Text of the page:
Needless to say that separation and layering is up to the mark with good amount of air and space between instruments, the stage feels full and the density is outstanding for the price.







HM100 vs SRH440 vs HD598 closed back:-

HM100 vs Sennheiser HD 380 pro:-





The HM100 from Brainwavz is a champion performer, it delivers where other shy away. It pushes the boundary of a $150-200 Headphone.

No part of the spectrum is left behind. It has the whole spectrum with very similar energy and transparency. The ability to deliver something without a single dip or uncomfortable peak in the spectrum is something to write home about. If you want reference sound for under $200 the HM-100 is the answer.

HM100 is a studio worthy stuff, casual users will find it dull with bass power and aggressive with mid range and treble notes transparency and clarity.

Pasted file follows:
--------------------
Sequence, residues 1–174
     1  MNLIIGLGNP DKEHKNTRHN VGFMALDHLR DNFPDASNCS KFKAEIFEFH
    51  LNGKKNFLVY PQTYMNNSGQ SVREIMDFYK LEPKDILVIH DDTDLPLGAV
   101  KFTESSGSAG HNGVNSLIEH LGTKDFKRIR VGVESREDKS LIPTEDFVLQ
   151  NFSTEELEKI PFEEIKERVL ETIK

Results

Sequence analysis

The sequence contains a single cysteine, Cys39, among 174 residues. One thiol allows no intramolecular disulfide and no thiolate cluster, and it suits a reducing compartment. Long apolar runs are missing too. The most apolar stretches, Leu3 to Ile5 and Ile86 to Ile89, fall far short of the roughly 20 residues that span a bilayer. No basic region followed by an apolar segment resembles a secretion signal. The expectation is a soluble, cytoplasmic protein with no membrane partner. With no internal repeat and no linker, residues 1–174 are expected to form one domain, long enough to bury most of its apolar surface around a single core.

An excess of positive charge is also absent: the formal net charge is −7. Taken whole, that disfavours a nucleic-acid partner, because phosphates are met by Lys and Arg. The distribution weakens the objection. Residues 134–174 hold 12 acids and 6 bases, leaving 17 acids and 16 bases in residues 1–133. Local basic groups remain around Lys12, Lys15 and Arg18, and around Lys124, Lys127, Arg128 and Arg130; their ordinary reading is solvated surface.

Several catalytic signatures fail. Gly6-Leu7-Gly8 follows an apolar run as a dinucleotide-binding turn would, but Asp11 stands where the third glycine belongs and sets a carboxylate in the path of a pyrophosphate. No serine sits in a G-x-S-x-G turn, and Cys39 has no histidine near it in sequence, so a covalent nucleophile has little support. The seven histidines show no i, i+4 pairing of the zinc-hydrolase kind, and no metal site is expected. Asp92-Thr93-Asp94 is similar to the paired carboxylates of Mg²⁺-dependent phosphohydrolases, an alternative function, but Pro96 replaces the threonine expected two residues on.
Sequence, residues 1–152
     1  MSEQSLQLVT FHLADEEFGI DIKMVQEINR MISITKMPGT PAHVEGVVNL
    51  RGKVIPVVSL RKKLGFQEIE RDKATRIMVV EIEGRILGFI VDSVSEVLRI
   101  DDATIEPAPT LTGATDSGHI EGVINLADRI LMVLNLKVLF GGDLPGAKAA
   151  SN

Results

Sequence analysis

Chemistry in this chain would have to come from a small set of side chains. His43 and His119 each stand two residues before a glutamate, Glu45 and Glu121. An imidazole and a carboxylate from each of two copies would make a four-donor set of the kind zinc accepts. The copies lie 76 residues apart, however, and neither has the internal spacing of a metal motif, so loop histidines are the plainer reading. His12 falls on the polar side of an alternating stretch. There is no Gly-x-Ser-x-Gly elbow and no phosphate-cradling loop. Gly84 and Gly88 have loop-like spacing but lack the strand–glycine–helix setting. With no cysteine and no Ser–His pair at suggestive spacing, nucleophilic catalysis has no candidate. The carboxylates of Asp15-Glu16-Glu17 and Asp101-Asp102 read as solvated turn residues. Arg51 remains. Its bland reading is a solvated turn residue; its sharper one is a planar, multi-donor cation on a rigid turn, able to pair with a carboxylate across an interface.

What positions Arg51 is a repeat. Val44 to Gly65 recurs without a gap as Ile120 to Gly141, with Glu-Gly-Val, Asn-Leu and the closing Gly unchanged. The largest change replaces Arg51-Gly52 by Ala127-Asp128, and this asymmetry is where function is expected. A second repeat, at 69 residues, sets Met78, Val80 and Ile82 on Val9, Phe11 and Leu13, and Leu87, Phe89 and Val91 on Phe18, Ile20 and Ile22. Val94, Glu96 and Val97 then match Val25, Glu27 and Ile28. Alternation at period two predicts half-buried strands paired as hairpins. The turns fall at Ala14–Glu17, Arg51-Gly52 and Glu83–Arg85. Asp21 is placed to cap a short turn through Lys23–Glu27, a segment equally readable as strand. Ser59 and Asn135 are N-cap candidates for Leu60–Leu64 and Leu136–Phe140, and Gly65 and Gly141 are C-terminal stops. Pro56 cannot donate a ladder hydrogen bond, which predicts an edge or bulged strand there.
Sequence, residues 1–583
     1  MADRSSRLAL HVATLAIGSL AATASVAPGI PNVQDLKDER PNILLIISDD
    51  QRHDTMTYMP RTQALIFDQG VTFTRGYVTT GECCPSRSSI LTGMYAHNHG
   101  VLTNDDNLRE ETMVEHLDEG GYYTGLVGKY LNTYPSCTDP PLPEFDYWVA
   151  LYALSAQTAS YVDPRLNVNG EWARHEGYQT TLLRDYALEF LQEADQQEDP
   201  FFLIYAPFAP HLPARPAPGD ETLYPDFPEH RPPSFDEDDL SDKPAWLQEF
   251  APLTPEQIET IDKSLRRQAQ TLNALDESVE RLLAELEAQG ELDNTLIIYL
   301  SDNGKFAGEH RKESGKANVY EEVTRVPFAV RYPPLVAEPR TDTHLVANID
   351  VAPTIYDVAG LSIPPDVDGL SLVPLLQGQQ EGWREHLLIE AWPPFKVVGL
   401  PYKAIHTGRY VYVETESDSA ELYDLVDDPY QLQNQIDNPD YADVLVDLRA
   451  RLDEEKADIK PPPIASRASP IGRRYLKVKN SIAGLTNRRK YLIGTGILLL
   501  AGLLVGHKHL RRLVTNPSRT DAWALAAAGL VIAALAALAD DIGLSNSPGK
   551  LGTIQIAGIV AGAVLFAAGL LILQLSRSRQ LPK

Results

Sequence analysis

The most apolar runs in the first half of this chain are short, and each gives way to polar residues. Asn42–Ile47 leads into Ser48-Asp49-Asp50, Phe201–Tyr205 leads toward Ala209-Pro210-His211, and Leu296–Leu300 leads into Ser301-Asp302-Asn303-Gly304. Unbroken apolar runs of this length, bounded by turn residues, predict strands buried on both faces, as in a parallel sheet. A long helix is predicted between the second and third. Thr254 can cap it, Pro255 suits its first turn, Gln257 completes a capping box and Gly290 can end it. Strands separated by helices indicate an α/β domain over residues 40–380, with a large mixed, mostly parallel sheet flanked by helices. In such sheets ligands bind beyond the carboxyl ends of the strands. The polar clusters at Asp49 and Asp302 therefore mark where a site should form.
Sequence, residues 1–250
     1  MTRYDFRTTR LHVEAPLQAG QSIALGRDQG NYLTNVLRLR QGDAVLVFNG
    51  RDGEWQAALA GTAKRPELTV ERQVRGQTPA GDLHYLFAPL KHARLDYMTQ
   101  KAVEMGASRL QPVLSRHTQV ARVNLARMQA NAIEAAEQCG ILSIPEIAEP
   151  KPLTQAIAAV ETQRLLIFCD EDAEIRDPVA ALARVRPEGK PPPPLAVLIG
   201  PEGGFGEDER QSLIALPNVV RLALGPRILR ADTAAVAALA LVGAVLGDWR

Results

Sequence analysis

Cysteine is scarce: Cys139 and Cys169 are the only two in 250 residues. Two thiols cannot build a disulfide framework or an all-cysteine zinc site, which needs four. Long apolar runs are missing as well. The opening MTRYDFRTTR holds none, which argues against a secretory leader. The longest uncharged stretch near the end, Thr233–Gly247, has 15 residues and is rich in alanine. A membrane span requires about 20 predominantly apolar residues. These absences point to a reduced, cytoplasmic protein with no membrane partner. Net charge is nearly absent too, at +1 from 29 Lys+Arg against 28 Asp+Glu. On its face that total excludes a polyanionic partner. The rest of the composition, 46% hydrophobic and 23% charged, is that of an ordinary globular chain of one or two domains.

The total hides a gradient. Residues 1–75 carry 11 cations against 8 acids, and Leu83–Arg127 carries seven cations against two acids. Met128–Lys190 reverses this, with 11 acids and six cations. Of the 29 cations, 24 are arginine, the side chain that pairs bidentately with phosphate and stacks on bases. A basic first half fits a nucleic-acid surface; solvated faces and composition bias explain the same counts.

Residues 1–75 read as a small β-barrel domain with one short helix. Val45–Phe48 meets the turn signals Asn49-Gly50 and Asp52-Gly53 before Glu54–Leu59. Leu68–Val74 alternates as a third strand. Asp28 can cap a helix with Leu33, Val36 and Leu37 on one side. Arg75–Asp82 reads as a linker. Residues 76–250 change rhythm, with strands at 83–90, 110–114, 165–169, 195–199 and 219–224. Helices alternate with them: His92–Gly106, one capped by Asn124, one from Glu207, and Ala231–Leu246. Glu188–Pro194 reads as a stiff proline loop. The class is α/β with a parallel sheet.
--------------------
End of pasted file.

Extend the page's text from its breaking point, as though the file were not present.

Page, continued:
Thanks for reading guys, Have a nice time, Enjoy.
  • Like
Reactions: rocksteady65
Excellent, well laid out, thorough review. Many thanks!
Pros: Close to reference (HD600) signature (for a closed headphone), aesthetics, sound quality, comfort, accessories, value
Cons: Very slightly boomy in mid-bass, upper-mid peak not strictly neutral, clampy at first (can be alleviated)